Future Forward: Integrate Climate Risks into Existing Processes
This page profiles innovative and impactful applied research in civil and structural engineering to spur continuing thought and dialog to create a better industry. These profiles are based on interviews, and the opinions and statements are those of the subject and are not necessarily shared or endorsed by this publication.
Conversations about sustainable infrastructure and how to plan and build for more-frequent extreme weather are critical, and Lauren Seydewitz hopes her research can help address how infrastructure can better “weather” the environment. She’s currently preparing guidance to assist airports, in particular, with using their own processes to account for climate risks, as part of a Transportation Research Board (TRB) funded Airport Cooperative Research Program (ACRP) project.
“The topic we’re looking at now is integrating climate risk into planning-management systems for airports, but it’s absolutely applicable to any organization that does long-term planning,” notes Seydewitz.
Environmental catastrophes were devastating in 2017 and included several major hurricanes, wildfires, and earthquakes that caused billions of dollars in damage to infrastructure assets. Although many improvements and upgrades need to be made, Seydewitz notes that current building codes and community-level development plans should be applauded for helping so many to survive the disasters.
“Many current infrastructure assets are at their ‘end of life’ and may have been identified as ready to be upgraded or replaced,” she adds. “An extreme weather event pushes the limits of these older assets and can cause considerable damage.”
Whether existing assets survive such stresses or not, the aftermath of an environmental catastrophe is an ideal time to reassess the status of all relevant assets and look for a better overall solution going forward.
Resilient, Gray and Green Infrastructure
Seydewitz defines resilient infrastructure as “enduring, regardless of the type of conditions that it’s subjected to,” and that most assessments start with “gray infrastructure” (i.e., buildings, pipes, culverts, etc.).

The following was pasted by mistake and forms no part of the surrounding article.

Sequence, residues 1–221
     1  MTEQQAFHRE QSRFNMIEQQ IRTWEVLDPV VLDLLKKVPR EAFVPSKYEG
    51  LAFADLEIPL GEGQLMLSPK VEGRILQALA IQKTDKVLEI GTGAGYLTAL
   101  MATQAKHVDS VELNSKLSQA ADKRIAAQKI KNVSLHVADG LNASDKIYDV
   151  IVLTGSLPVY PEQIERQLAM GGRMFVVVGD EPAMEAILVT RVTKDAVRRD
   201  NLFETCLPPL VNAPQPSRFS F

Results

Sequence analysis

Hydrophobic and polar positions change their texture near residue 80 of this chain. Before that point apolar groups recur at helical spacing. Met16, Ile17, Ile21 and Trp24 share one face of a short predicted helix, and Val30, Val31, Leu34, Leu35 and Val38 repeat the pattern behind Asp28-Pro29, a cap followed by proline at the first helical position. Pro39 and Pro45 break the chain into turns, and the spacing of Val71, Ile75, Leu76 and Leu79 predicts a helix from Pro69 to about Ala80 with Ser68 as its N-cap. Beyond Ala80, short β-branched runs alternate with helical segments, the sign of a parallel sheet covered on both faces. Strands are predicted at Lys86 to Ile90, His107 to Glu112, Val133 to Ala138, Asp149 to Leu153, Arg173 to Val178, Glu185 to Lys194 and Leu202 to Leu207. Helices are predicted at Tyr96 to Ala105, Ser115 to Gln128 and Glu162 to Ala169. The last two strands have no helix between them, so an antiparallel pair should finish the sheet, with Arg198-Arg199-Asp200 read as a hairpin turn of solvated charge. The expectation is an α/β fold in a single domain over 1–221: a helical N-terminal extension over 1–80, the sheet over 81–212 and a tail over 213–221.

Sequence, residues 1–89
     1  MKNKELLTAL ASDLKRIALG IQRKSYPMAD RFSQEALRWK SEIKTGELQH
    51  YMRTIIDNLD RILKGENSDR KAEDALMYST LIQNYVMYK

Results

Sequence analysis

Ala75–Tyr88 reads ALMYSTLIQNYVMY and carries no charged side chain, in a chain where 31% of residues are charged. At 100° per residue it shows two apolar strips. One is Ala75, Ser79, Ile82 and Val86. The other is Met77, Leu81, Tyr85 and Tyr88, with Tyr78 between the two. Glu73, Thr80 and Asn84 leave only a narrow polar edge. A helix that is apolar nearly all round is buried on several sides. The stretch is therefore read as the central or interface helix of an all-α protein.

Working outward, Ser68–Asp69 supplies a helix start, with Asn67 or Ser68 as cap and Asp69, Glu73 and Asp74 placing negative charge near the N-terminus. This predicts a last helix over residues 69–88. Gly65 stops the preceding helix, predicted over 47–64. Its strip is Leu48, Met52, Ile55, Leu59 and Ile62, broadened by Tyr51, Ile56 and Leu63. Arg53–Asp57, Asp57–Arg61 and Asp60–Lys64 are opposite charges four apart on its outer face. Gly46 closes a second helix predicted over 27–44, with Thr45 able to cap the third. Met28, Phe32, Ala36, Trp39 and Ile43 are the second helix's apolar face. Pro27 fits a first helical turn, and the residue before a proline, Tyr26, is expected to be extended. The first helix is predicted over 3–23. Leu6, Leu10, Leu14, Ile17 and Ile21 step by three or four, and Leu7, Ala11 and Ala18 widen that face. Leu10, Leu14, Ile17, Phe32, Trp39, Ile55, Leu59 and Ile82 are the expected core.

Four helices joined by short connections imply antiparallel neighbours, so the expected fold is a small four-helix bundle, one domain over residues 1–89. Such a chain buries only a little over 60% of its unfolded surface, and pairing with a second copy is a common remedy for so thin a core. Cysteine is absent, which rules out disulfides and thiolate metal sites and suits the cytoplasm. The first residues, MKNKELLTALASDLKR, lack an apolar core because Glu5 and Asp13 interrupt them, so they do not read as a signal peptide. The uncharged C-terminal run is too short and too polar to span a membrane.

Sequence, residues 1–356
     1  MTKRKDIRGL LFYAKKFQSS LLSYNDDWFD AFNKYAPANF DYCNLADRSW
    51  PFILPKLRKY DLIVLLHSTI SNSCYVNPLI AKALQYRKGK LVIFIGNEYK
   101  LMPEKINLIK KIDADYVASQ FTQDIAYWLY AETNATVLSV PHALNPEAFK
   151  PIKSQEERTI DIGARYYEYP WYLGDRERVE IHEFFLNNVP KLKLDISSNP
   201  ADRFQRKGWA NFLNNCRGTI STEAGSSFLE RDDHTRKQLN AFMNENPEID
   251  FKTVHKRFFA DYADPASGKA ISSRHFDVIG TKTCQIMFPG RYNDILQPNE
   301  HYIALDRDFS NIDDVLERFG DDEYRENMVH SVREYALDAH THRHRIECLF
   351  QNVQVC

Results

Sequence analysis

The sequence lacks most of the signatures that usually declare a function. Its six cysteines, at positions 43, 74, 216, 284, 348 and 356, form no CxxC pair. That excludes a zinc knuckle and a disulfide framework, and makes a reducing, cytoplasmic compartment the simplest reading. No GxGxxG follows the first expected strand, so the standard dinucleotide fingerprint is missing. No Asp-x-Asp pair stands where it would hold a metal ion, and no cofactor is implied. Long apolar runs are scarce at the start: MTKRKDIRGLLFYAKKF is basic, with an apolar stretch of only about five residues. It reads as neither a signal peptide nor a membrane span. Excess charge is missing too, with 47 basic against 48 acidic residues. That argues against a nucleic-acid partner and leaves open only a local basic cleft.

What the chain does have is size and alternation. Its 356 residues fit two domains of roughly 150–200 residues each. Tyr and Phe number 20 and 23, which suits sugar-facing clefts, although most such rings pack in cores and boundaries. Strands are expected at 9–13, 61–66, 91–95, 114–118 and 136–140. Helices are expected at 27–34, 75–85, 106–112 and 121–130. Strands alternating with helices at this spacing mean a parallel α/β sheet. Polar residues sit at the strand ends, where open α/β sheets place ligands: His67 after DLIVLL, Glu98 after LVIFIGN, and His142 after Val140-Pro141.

“We need to look at ‘green infrastructure’ and how can we start to balance more of what nature does so well with things such as wetlands and flood storage that we have from a zoning perspective,” she says. “We prioritize from a planning perspective, and that has negatively impacted and put additional stress on our gray infrastructure.”
A Time for Improvements
As tragic as the recent environmental disasters have been, she believes they can be a “wake-up call” that leads to much-needed improvements that can have major benefits, if the lessons are learned.
For managers or directors of an organization faced with picking up the pieces and moving forward, that often starts with emergency response, but there’s also an opportunity to plan farther ahead and use more of a comprehensive, systematic planning approach.
After a major event, she recommends, among other things, going through a plot analysis to examine the strengths, weaknesses and opportunities. Planners and decision makers should ask questions such as the following:
• What are the likely climate risks that may be impacted?
• What are the extreme weather risks?
• What are the hazards that our infrastructure may be dealing with 25-30 years from now and longer?
“Many of our assets have a lifespan of 50 to 75 years, if not longer,” she notes. “That’s a long time, and there are many different conditions that may be considered in thinking through the materials we’re using.
“It’s not just rebuilding what we did before, but taking the opportunity to build smarter,” she adds. “Think about how does this particular site—this particular asset—interact with others by geography and then within the entire system.”
If flooding is going to be an issue, are you raising up generators so they’re above the level of flood risk you may have? If it’s heat, is the pavement you’re selecting going to endure those extreme temperatures for a longer period of time?
Take a Step Back
Seydewitz empathizes with the directors, managers and operational staff who need to respond to the various stresses. But in the wake of a disaster, she recommends they take a step back and look at the overall picture going forward. When rebuilding, do it smarter and better. For every dollar spent now, proper planning can save $10 from a recovery perspective.
“It’s not just cost from a dollar and cents perspective; we also have environmental costs we need to consider when we rebuild in these flood zones,” adds Seydewitz.
To keep the conversation going, she stresses that there needs to be thorough documentation.
“Inevitably, the emergency will fade, and lessons will be relearned,” she adds. “But make sure to take the opportunities to learn from others who experience something similar or, when you do your own vulnerability assessment, highlight the risks that may be applicable, that you have a greater risk for locally. Look at that and how others may have dealt with it.
“It’s important to be prepared so we can decrease exposure for ourselves, our environment and each other.”